City of Chicago makes fruitful efforts to eliminate food deserts

By Courtney Dillard 

Click the image above to see how grocery store choices change drastically by neighborhood.
Click the image above to see how grocery store choices change drastically by neighborhood.

Nia Arnold is a guidance clerk at one of Chicago Public Schools’ 11 selective enrollment high schools. The closest grocery store to her school has always been Jewel Osco, nearly three miles away. Two months ago Wal-Mart Neighborhood Market opened about four blocks away.

Before Wal-Mart opened, Arnold’s school was in one of the many food deserts on Chicago’s South Side. She says that even though there are healthy options available in and around the school, students still make unhealthy decisions.

“As soon as the bell rings, kids go to McDonald’s, Golden Fish and Chicken, or White Castle,” Arnold said. “Food desert or not, that’s a choice.”

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Evanston raises age to buy tobacco to 21, but some residents think it’s a drag

By Courtney Dillard

As of Nov. 8, all Evanston businesses must display Tobacco 21 signage.
As of Nov. 8, all Evanston businesses must display Tobacco 21 signage.

Evanston residents under the age of 21 will have to leave their city to buy their cigarettes from now on. Evanston is the first community in Illinois to ban the sale of tobacco products to anyone under the age of 21.

Thirty-four gas stations, convenience stores and drug stores in Evanston must comply with the age limit, which went into effect Nov. 8. Any employees under the age of 21 cannot sell tobacco products. Businesses that violate the law will be subject to fines up to $500.

Continue reading “Evanston raises age to buy tobacco to 21, but some residents think it’s a drag”

Chicago works to close the breast cancer race gap

By Courtney Dillard

Attendees listen to the findings of the study at last week's Beyond October event at the Chicago Urban League.
Attendees listen to the findings of the study at last week’s Beyond October event at the Chicago Urban League.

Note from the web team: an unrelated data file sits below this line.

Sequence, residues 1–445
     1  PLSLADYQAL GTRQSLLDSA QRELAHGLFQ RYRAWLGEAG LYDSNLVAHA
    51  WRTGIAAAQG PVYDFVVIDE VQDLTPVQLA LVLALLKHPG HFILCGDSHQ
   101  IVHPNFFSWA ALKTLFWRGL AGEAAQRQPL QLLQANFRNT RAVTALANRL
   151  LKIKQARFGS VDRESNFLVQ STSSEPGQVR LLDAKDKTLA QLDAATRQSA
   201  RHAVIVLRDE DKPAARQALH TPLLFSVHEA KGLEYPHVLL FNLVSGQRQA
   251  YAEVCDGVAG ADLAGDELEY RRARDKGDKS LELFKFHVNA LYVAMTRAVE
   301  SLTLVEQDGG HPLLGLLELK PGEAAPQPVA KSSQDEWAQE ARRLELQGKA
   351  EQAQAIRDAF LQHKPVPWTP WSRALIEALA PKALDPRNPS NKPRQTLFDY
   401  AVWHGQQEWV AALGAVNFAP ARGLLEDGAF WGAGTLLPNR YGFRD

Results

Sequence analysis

The mortality gap in breast cancer between black women and white women in Chicago has decreased for the first time in 20 years. Up until 2007 it increased every year.

Now, a new study shows the gap has narrowed significantly. In 2007 black women in Chicago were dying of breast cancer at a rate 62 percent greater than white women. That disparity dropped suddenly to 40 percent between 2008 and 2010, which translates to 25 black women’s lives saved.

“We’ve saved 25 women, 25 mothers and 25 friends,” said Teena Francois-Blue, associate director of community initiative for the Metropolitan Chicago Breast Cancer Task Force.

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U.S. Rep. Tammy Duckworth wins in 8th congressional district

By Courtney Dillard

Duckworth prepares to speak to her supporters after her win Tuesday night.
Duckworth prepares to speak to her supporters after her win Tuesday night.

Incumbent U.S. Rep. Tammy Duckworth (D-8th) defeated rival Larry Kaifesh (R) Tuesday night shortly before 11 p.m. It was the only race in this election cycle between two Iraq War veterans.

Duckworth captured 57 percent of the vote, slightly higher than two years ago. In 2012 she defeated incumbent Republican Joe Walsh with 55 percent of the vote.

She promised to keep fighting for military families. “I will continue to be the advocate for our veterans in Congress to achieve good jobs and quality health care,” she said. “I view it as my responsibility to stand up for those whose voices aren’t always heard in the halls of Congress.”

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Gov. Quinn changes mandatory quarantine order to apply ‘high-risk’ individuals

By Courtney Dillard

All individuals deemed "high-risk" who fly through Chicago's O'Hare International Airport must submit to a 21-day mandatory quarantine. Photo courtesy of Mark Brennan.
All individuals deemed “high-risk” who fly through Chicago’s O’Hare International Airport must submit to a 21-day mandatory quarantine. Photo courtesy of Mark Brennan.